Book Review: An Absence of Justice, a Political Thriller by Roderick Cyr

The Bottom Line: Highly recommended. This globetrotting tale of vigilante justice will not simply enthrall you – it may also change the way you think about the corporations, media and judicial systems that rule our lives.

Absence of Justice Roderick CyrMalcolm Fitzpatrick is a man of unusual skills and ambitions. An unrivaled security technologist, he spends his time breaking into the homes of some of Europe’s wealthiest – and most morally misguided – businessmen. Malcolm doesn’t, however, come to steal from the rich. He instead confronts each of them in person, acting as their judge, jury and executioner.

His targets are industrialists who have committed egregious crimes for which they will likely never been held accountable. In one case, an aircraft safety flaw was deliberately suppressed, leading to the death of hundreds of innocent passengers. In another, a shantytown was set ablaze to make room for new development. In each case, Fitzpatrick produces irrefutable evidence of their guilt. He then offers them a last request: the ability to choose the manner of their death.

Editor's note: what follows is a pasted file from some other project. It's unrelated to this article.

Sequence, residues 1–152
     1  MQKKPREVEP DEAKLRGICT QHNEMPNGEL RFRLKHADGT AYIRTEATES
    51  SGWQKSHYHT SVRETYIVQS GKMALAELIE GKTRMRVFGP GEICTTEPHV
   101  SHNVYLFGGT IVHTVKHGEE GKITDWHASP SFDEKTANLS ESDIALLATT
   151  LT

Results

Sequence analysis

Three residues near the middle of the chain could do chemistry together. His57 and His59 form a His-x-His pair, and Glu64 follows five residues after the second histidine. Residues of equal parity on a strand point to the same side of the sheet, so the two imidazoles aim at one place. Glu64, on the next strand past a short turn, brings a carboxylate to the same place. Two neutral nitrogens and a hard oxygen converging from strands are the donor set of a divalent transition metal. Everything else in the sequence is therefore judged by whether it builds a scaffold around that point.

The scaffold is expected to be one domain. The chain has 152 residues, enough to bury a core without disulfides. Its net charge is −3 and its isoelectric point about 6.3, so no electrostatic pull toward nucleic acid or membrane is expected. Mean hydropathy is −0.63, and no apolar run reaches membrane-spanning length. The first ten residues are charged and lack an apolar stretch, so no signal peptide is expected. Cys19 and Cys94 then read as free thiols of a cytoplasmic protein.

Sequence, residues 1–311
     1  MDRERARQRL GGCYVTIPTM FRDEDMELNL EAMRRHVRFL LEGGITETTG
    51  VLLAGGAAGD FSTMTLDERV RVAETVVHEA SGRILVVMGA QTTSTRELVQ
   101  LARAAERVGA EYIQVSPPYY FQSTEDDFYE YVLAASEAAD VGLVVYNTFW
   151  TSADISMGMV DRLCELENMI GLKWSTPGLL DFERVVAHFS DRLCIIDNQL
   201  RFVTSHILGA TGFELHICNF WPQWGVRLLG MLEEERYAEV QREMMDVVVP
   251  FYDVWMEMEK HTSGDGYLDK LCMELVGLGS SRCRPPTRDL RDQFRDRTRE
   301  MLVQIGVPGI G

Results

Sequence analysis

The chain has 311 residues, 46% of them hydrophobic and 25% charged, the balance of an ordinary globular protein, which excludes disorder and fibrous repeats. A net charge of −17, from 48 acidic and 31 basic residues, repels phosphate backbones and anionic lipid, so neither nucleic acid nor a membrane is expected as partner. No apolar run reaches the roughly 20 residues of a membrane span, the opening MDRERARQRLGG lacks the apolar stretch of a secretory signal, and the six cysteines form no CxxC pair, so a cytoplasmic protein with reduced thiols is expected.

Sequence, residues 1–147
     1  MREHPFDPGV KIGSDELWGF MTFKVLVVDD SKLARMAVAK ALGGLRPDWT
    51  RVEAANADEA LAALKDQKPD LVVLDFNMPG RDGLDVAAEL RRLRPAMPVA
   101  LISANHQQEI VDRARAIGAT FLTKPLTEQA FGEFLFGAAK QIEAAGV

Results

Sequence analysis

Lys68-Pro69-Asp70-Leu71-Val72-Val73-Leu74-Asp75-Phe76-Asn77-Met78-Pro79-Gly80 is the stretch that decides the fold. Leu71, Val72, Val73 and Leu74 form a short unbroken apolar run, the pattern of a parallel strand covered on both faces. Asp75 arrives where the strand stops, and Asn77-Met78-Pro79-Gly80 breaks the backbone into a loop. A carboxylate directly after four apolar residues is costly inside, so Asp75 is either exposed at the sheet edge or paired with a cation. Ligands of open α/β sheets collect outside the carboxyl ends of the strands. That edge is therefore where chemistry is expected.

Meanwhile in Paris, investigative journalist Camille Chevalier prefers to let her writing take down Europe’s most notorious politicians and businessmen. When her boss sees her latest story, however – one that implicates the paper’s publisher as a purveyor of shocking sexual depravity – he forbids her from publishing it.

Camille soon finds that she herself is a target. Forced on the run, she finds an unlikely soul mate in Malcolm Fitzpatrick. Can they successfully team up do what the justice system cannot? Or will these two ferocious personalities simply turn on each other?

While vigilantism is hardly a new theme in the thriller genre, an Absence of Justice rises above most with its meticulous focus on the worlds of those who would never otherwise be brought to justice. Scenes in Amsterdam, Geneva, Paris and elsewhere come alive in a way that only a painstaking craftsman like Roderick Cyr could (he travels relentlessly to research locations for his books). What’s more, the inner dialogue of his victims embodies the psychopathic tendencies that are frighteningly common among corporate executives. When an innocent gesture of an orchestra conductor, or an offhand comment about decor can trigger such inner rage in daily life, it’s easy to see how business decisions are made with utter disregard for human life.

The result? A highly satisfying novel that you soon won’t forget, featuring a truly memorable protagonist. When you turn the last page, you’ll be begging Cyr to focus an entire series around Malcolm Fitzpatrick.

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